Cancel your weekend plans — they aren’t going to happen, because it looks like the world is going to end on Saturday, Sept. 23.
The latest doomsday prediction comes from, you guessed it, a half-baked Christian fundamentalist group. And despite being wrong every time for the past two millennia, they’re sure they have it this time. We won’t bore you with the details, but it related to the positions of the Sun and some planets in relation to certain constellations (which aren’t Judeo-Christian in the first place), last month’s solar eclipse and a unique interpretation of the Book of Revelation.
Remember that non-existent dwarf planet Nibiru that was supposed to hit Earth back in 2012? Same prediction here, just a new date.
The prediction is being denounced as a hoax by pretty much any authority on Christianity you can find. Or maybe they just don’t want the masses to believe it so they can have a bigger yard in Heaven.
Time to pack it in, everyone. Humanity had a good run. We ran the world for a few thousand years, but we’re done now. At least according to renowned physicist Stephen Hawking.
Hawking, who is known to be not very optimistic about humanity, said that the more technology we develop, the more we increase our odds that everything is going to go wrong and we’ll destroy ourselves. This guy is arguably the greatest mind of our time. He does incredibly work in science, and he’s saying science is what’s going to do us in.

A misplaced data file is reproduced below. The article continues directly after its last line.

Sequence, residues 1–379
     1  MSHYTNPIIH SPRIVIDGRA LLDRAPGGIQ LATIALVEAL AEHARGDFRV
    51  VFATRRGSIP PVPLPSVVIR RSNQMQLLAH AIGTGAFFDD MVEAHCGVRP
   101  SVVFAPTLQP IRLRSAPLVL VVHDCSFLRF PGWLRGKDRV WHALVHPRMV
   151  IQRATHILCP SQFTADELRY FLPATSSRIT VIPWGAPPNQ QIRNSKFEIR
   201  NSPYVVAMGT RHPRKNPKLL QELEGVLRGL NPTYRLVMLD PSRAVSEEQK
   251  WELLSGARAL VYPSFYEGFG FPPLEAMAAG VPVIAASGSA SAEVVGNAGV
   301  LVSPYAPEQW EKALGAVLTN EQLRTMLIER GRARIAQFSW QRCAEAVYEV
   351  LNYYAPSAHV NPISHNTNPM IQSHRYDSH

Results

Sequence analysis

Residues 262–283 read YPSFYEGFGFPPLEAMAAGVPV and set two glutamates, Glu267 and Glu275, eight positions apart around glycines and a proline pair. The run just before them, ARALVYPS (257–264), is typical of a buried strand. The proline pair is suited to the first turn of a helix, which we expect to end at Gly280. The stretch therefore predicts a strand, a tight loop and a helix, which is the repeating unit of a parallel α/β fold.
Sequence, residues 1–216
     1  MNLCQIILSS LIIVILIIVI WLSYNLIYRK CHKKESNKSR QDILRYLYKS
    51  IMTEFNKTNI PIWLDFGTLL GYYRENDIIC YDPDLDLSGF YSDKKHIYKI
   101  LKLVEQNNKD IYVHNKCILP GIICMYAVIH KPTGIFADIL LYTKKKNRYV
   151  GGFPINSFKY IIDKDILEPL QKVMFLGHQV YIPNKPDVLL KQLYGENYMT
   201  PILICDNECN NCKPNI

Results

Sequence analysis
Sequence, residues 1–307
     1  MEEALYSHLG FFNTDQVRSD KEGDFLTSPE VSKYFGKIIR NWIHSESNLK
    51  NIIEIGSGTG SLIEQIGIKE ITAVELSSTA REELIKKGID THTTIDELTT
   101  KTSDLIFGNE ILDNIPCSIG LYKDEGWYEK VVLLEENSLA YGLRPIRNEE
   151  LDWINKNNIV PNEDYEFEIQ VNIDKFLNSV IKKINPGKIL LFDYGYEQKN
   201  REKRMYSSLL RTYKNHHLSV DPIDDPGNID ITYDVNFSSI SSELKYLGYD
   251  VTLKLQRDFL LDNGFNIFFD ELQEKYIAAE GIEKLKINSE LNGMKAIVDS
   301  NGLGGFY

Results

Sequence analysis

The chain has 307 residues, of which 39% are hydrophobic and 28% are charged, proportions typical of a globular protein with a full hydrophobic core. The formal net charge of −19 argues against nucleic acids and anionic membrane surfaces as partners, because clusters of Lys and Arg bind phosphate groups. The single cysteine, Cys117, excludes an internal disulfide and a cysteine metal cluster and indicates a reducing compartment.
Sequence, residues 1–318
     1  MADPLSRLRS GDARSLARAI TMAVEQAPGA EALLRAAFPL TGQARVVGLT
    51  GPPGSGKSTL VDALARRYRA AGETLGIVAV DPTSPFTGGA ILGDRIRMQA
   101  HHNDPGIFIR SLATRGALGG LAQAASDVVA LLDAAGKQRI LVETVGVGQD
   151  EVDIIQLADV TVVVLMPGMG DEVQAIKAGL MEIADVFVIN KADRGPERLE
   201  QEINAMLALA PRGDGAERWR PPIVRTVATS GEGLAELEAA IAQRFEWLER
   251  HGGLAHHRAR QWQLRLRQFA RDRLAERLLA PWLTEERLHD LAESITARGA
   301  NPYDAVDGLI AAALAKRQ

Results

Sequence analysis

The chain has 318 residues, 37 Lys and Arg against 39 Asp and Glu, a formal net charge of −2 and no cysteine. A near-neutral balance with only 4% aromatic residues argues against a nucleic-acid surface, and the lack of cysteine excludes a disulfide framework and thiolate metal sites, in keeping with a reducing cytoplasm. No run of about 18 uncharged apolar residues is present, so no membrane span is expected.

The man is brilliant, he’s part machine and he’s actively contributing to the extinguishing of the human race. Stephen Hawking is a real-life Bond villain.
Way back in 1999, I understood that the world might end at 12 a.m., New Year’s Day, 2000. That made sense: computers would launch nukes to prevent the return of 1900.
I wasn’t entirely against it because, well, isn’t dying worth avoiding the Titanic, two world wars and disco? If I could trust a computer to provide my pornography, this was an easy decision on who to trust.
Unfortunately, I woke up in the newly-minted Year 2000.
It wasn’t unfortunate because straw hats and ragtime had returned, but because I was hung-over and on several husbands’ to-beat-up lists for hitting on their wives. (C’mon, the world was ending/I was 18.)
From January 1, 2000 and two Excedrin on, I lived. I went to school, helped start a Web site and got married. Little did I know that I did all this on borrowed time, that the world will end before I turn 30 … well, 32, and in one of several ways. Continue reading Take it from Snee: Look out! The world’s ending!